Wrist Tendonitis Common Issue Among New Mothers

Painful overuse injury is caused by repeatedly picking up baby

DAYTON, Ohio (December 10, 2015) – New mothers who consider sleep deprivation, dirty diapers and midnight feedings as their rite of passage into parenthood, may also end up adding sore thumbs to the list.

Wrist tendonitis is a very common overuse injury that new mother’s experience. The painful condition – which occurs when the tendons that stretch across the thumbs become inflamed – is often referred to as “mommy’s thumb,” says Beth Berrettoni, MD, a hand surgeon with Hand and Reconstructive Surgeons & Associates in Centerville.

“Wrist tendonitis is very much activity related and I have seen quite a few new mothers come in with this issue,” says Dr. Berrettoni, who practices with Premier Health Specialists. “Mothers develop wrist tendonitis when they are repeatedly picking up their baby by placing their hands under the baby’s armpits and lifting.”

Tendons are cords that come off the muscle and run and attach to the bone. When a muscle contracts or shortens, it pulls on that cord and causes a part of the body to move. The tendons that cross the wrist cause the wrist or one of the fingers or thumbs to move. Tendonitis is when a tendon becomes inflamed, which means it is irritated, swollen and red, she says.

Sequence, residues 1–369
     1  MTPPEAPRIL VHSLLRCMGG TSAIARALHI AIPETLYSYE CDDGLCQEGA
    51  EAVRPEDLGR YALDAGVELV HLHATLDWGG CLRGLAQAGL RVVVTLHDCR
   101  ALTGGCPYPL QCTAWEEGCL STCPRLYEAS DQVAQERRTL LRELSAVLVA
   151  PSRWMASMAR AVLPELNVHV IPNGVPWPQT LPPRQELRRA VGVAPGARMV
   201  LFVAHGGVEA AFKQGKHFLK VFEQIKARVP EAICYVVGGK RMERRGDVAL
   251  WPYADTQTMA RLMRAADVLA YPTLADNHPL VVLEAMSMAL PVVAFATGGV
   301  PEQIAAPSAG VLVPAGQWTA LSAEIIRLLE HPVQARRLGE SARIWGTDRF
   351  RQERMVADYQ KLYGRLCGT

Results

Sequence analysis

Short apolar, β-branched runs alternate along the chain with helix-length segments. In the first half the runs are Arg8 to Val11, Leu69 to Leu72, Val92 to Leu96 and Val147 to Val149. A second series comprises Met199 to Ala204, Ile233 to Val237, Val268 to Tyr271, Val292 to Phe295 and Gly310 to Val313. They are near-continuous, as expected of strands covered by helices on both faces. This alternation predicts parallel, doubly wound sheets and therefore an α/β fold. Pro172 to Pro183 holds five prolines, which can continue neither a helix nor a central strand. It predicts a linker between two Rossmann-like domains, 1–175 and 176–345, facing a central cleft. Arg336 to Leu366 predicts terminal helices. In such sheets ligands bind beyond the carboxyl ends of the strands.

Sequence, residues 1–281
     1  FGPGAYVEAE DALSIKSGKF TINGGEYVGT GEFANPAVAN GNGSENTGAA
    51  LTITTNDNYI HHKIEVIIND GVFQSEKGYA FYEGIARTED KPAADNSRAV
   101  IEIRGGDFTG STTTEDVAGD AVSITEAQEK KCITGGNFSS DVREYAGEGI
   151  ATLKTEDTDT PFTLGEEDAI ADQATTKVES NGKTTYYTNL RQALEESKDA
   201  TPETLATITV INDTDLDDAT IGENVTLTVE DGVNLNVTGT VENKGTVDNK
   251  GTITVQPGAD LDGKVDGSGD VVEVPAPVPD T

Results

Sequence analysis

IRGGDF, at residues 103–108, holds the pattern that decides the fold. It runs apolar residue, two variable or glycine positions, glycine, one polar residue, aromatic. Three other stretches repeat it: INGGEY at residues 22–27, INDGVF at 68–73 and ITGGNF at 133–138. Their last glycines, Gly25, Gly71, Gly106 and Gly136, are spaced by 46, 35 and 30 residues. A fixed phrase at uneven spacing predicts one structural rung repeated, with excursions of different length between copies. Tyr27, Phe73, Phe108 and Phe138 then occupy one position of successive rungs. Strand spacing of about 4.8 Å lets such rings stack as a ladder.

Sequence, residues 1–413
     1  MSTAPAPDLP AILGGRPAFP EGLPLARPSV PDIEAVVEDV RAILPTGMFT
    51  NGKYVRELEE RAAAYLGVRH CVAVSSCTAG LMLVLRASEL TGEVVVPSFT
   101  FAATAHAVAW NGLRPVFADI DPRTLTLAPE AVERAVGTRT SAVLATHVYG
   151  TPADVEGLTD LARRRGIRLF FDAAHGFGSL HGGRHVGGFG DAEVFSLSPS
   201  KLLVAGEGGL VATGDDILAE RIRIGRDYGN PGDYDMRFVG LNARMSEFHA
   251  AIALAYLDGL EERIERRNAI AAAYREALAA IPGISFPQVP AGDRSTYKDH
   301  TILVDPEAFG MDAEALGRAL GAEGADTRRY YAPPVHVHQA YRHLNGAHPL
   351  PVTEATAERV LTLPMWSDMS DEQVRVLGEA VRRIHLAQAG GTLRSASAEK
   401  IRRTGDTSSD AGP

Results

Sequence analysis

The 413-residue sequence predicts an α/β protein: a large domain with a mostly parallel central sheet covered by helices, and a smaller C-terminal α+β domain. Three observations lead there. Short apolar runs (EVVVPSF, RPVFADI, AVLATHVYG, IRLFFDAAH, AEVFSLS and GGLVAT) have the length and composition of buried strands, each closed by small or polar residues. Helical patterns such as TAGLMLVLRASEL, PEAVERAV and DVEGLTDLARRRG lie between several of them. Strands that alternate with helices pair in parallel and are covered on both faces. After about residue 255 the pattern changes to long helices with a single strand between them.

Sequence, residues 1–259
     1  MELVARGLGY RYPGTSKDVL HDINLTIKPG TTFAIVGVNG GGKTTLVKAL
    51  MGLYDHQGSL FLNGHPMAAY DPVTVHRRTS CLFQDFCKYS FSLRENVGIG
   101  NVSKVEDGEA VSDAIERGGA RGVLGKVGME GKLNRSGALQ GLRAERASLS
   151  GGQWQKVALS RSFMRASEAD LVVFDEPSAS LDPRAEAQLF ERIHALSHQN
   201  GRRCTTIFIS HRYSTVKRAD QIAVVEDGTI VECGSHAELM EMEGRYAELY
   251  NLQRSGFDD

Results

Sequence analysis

“Mommy’s thumb” is a specific type of tendonitis that is often called De Quervain’s tendonitis. De Quervain’s tendons are the ones that specifically move the thumb and that cross over the wrist, which can cause the pain to be felt near the thumb or around the wrist. Women develop this type of tendonitis as a result of positioning their thumb under a baby’s armpits when picking them up.

The National Institute of Health Off Site Icon (NIH), offers the following advice for those who develop wrist tendonitis:

Assess your symptoms – Wrist tendonitis is characterized by the following symptoms: Pain on the back of the thumb when a fist is made, something is grabbed or when the wrist is turned; numbness in the thumb and index finger; swelling of the wrist; and stiffness when moving the thumb or wrist.

Treat the symptoms – Ice your wrist for 20 minutes of every hour while awake. Be careful not to apply ice directly to the skin. For pain, use ibuprofen (Advil or Motrin), naproxen (Aleve or Naprosyn) or acetaminophen (Tylenol).

Rest and stabilize – Rest the affected area by stabilizing it with a splint. The NIH recommends it remain stable for at least one week. Once the wrist is able to move without pain, it is important to do light stretching that can help strengthen the wrist again.

Seek professional advice – Seek professional advice from a doctor if the pain does not improve or becomes worse, if the wrist becomes stiff, and if there is increasing numbness or tingling in the wrist and fingers or if they turn white or blue.

Specialists like Dr. Berrettoni are able to assess individual needs and decide what type of treatment is right including therapy or, in some cases, surgery. Treatment can be different for new mothers who are nursing their babies such as avoiding steroid injections. However, in most cases, braces can be created to fit a mother according to how her hand should form when she picks up her baby.

“Typically as the baby grows, the way you hold the baby changes,” Dr. Berrettoni says. “So for a lot of new mothers, their problem may resolve over time.”

For more information on wrist tendonitis or to find a Premier Health Specialists physician near you, visit www.premierhealthspecialists.org/obgyn.

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